Ah, almond butter: It’s creamy, smooth, delicious and good for you to boot (more on that below). But there’s one thing that almond butter is not, and that’s cheap. Depending on where you live in the world, it can set you back up to $15 a jar. Another downside? The store-bought stuff is often filled with unnecessary ingredients like oils, too much salt and additives you can’t even pronounce. Fortunately, making your own is easy. All you need are almonds, a food processor or blender and a little bit of patience (OK, a lot of patience). Here’s how to make almond butter at home that tastes even better than store-bought.
What you’ll need
- Approximately 3 cups of almonds
- A food processor or high-speed blender
- Optional extra flavorings like cinnamon, maple syrup, honey or vanilla extract
STEP 1: PREHEAT THE OVEN TO 350°F
Toast the almonds on a large rimmed baking sheet for about ten minutes, stirring the nuts halfway. (Note: This step is optional, but it does add a certain je ne sais quoi to the finished product. It also helps them blend easier.) Remove the nuts from the oven and allow them to cool slightly
Step 2: Transfer the almonds to a high-speed blender or food processor fitted with an “S” blade
The latter is better suited for making almond butter, but if you have a powerful high-speed blender, that’ll work too. Blend until the almonds start to change texture. (If your blender could use a little help, try adding a few tablespoons of oil to the mix.)
Get the product:
Get the product:
Step 3: Keep blending
Making homemade almond butter can take anywhere from 10 to 20 minutes, depending on the size of your device. The almonds will first break down into powdery clumps and then collect around the edge of the bowl (pause the machine every few minutes and use a spatula to scrape down the side when this happens). Next, the mixture will transform into a sort of grainy almond paste, and finally, it will turn into that creamy consistency you know and love. Don’t be alarmed if your mixture gets hot—simply stop and let it cool down for a few minutes before continuing.
Step 4: Add flavor
Now that your almond butter is as smooth as, um, butter, it’s time to add any extra flavorings. A pinch of salt is definitely recommended to bring out the flavor of the almonds, but you could also add cinnamon, maple syrup, honey or vanilla extract. Start with ½ teaspoon and adjust to taste.
Step 5: Store the almond butter
Let the mixture cool to room temperature before transferring the almond butter to a sealed container (we like using a mason jar). Homemade almond butter will keep in the fridge for up to two weeks.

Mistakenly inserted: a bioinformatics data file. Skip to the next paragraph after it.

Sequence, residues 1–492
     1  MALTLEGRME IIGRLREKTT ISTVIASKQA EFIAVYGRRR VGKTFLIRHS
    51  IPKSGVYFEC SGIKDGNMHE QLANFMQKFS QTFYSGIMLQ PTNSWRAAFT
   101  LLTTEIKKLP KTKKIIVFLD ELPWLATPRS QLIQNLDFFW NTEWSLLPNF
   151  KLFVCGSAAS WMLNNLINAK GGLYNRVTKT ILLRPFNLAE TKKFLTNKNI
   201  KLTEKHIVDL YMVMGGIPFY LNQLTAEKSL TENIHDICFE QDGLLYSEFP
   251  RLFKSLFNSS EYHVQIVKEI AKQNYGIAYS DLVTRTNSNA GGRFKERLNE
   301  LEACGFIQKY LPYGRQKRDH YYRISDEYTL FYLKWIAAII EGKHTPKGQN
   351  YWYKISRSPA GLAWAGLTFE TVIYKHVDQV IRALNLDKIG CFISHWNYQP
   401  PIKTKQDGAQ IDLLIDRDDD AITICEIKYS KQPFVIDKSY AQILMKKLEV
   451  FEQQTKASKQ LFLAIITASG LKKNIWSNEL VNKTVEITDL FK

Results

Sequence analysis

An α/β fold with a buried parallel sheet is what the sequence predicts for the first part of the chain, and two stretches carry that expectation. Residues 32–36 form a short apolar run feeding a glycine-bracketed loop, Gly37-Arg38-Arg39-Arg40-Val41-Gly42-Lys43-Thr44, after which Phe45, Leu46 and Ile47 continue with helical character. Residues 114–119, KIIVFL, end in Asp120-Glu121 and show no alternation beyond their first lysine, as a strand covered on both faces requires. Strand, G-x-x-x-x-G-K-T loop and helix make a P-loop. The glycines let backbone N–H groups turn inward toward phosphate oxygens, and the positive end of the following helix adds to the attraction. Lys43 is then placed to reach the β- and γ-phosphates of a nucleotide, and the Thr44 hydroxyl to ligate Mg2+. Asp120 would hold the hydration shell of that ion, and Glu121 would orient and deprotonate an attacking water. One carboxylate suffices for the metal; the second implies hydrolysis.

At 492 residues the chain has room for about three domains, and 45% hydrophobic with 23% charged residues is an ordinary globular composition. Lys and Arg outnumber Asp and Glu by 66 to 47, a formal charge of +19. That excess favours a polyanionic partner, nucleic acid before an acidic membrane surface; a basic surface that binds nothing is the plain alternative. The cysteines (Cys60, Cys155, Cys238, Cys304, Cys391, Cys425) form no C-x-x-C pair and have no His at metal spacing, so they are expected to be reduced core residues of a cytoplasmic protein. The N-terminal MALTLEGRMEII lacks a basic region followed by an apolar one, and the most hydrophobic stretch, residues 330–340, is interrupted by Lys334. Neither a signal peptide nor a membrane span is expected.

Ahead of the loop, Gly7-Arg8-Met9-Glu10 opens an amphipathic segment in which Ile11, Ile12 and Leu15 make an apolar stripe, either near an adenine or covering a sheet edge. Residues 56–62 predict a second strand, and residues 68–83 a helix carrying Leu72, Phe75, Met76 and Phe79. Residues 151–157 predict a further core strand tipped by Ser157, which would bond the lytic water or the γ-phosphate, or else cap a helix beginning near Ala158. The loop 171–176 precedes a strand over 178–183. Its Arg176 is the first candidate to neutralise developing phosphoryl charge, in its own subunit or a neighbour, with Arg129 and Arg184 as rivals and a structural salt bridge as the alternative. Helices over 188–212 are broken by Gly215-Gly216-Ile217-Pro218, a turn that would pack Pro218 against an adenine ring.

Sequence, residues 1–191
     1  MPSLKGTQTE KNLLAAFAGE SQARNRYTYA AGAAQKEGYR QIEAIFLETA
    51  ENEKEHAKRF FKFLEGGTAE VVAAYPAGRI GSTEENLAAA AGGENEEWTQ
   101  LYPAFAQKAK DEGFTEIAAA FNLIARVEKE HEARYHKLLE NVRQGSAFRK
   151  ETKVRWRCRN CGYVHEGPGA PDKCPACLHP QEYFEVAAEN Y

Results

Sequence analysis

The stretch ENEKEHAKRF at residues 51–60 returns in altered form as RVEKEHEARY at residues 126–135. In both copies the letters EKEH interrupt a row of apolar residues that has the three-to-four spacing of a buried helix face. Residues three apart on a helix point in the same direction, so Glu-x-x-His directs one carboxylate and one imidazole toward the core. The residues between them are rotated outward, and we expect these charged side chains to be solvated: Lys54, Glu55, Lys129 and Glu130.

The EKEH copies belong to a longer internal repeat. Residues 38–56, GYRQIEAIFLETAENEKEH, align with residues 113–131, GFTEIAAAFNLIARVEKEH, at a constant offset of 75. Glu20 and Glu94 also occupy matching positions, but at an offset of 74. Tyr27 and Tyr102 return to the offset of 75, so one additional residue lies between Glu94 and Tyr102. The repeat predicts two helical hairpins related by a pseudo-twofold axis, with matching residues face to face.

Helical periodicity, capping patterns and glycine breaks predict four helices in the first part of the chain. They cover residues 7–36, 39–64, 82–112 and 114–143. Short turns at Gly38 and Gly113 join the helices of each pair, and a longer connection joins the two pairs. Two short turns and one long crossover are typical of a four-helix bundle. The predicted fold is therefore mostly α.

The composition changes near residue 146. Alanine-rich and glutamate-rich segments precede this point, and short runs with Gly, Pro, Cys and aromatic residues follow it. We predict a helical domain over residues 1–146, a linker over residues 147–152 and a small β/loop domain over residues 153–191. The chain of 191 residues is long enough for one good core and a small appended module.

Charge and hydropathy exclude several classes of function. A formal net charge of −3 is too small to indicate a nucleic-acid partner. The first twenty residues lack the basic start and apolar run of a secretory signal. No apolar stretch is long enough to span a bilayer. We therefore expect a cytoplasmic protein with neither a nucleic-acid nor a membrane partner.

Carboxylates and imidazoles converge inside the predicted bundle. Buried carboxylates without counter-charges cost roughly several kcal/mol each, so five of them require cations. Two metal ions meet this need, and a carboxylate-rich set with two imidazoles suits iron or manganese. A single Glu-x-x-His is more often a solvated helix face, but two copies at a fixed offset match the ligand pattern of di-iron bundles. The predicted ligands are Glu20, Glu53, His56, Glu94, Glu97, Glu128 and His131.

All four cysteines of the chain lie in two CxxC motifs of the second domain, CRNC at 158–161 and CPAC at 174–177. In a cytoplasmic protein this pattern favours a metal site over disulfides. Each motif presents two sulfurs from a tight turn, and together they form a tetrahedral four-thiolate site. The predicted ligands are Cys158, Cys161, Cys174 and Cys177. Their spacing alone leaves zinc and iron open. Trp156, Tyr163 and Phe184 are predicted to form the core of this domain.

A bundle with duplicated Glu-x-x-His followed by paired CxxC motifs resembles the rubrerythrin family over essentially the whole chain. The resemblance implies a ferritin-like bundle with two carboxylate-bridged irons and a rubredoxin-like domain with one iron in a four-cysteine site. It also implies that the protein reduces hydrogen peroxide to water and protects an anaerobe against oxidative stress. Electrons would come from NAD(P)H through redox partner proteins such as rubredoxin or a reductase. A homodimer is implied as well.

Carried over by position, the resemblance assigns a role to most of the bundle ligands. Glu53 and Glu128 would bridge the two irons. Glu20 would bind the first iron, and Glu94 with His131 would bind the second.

What to make with almond butter
Honestly, we could just eat this stuff straight out of the jar with a spoon (in fact, we have done exactly that on multiple occasions). But if you’re looking for more creative ways to use your homemade almond butter, give this charred broccoli with sriracha almond butter sauce recipe a go. On a diet? Treat yourself to these three-ingredient Paleo almond butter cups or Paleo almond butter granola bars. Alternatively, start the day with this Gwyneth Paltrow–approved blueberry-cauliflower smoothie made with almond butter for a protein boost. For other tasty ways to use almond butter, treat it the same way you would its cousin, peanut butter: Try it on a sandwich, as a dip for fruit and vegetables or stirred into oatmeal.
Is it cheaper to make almond butter than to buy it?
Terrible at math? Don’t sweat it—we’ve crunched the numbers for you. Let’s say you buy one pound (or 16 ounces) of almonds for $6.49 at the grocery store. Add them to your food processor or blender and you’ll have 16 ounces of nutritious and delicious almond butter. Meanwhile, a 16-ounce jar of Barney almond butter will set you back $11 and keto dieters’ favorite Legendary almond butter costs a staggering $18. Justin’s classic almond butter is slightly cheaper at $7.39 per jar, but whipping up your own will still save you a good chunk of cash (especially if you eat almond butter on the reg).
Of course, exactly how much cheaper the homemade stuff will be compared to store-bought will depend on the price of almonds where you are—we’re working with New York City prices here. Top tip: To get the most bang for your buck, buy your almonds in bulk, which tends to be cheaper (and keep a lookout for sales and markdowns).
Are almonds healthy?
Here’s some good news: Almonds are packed full of nutrients, including vitamin E, magnesium and potassium. They’re also a great source of protein (one ounce of almonds provides approximately one-eighth of your daily needs). And while almonds get a bad rap for their high fat content, it’s the healthy unsaturated kind. In fact, per a study published in the Journal of the American Dietetic Association, consuming almonds lowers cholesterol levels. Compared to peanut butter, almond butter has double the amount of fiber and roughly 50 percent less sugar. But as with everything, moderation is key (think a few tablespoons per day and not the entire jar).